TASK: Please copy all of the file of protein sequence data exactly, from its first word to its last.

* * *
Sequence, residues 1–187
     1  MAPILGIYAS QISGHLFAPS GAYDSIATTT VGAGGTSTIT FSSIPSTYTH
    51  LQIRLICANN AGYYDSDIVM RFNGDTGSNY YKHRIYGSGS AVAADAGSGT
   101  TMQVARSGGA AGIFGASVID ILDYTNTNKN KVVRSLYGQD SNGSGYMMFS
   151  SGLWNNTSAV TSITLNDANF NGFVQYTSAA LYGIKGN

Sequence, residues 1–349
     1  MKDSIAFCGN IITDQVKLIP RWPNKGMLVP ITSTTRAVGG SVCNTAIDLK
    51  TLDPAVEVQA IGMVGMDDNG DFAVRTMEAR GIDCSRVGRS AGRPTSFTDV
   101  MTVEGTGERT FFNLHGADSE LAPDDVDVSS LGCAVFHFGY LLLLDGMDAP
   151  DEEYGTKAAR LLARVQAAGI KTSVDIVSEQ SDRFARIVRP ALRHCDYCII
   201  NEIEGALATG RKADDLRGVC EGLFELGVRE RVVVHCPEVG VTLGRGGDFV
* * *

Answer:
Sequence, residues 1–187
     1  MAPILGIYAS QISGHLFAPS GAYDSIATTT VGAGGTSTIT FSSIPSTYTH
    51  LQIRLICANN AGYYDSDIVM RFNGDTGSNY YKHRIYGSGS AVAADAGSGT
   101  TMQVARSGGA AGIFGASVID ILDYTNTNKN KVVRSLYGQD SNGSGYMMFS
   151  SGLWNNTSAV TSITLNDANF NGFVQYTSAA LYGIKGN

Sequence, residues 1–349
     1  MKDSIAFCGN IITDQVKLIP RWPNKGMLVP ITSTTRAVGG SVCNTAIDLK
    51  TLDPAVEVQA IGMVGMDDNG DFAVRTMEAR GIDCSRVGRS AGRPTSFTDV
   101  MTVEGTGERT FFNLHGADSE LAPDDVDVSS LGCAVFHFGY LLLLDGMDAP
   151  DEEYGTKAAR LLARVQAAGI KTSVDIVSEQ SDRFARIVRP ALRHCDYCII
   201  NEIEGALATG RKADDLRGVC EGLFELGVRE RVVVHCPEVG VTLGRGGDFV